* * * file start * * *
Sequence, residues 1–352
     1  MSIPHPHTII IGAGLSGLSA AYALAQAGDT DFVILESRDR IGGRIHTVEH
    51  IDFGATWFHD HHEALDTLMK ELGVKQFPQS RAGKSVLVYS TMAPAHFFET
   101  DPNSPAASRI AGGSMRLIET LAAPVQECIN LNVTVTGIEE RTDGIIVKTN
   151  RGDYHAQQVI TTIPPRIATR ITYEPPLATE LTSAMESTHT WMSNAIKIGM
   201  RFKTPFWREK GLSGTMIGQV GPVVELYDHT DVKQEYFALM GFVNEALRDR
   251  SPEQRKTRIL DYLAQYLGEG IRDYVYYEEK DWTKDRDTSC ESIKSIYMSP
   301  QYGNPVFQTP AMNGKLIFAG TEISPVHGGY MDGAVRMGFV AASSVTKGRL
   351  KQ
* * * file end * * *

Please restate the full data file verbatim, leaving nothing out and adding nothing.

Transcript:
Sequence, residues 1–352
     1  MSIPHPHTII IGAGLSGLSA AYALAQAGDT DFVILESRDR IGGRIHTVEH
    51  IDFGATWFHD HHEALDTLMK ELGVKQFPQS RAGKSVLVYS TMAPAHFFET
   101  DPNSPAASRI AGGSMRLIET LAAPVQECIN LNVTVTGIEE RTDGIIVKTN
   151  RGDYHAQQVI TTIPPRIATR ITYEPPLATE LTSAMESTHT WMSNAIKIGM
   201  RFKTPFWREK GLSGTMIGQV GPVVELYDHT DVKQEYFALM GFVNEALRDR
   251  SPEQRKTRIL DYLAQYLGEG IRDYVYYEEK DWTKDRDTSC ESIKSIYMSP
   301  QYGNPVFQTP AMNGKLIFAG TEISPVHGGY MDGAVRMGFV AASSVTKGRL
   351  KQ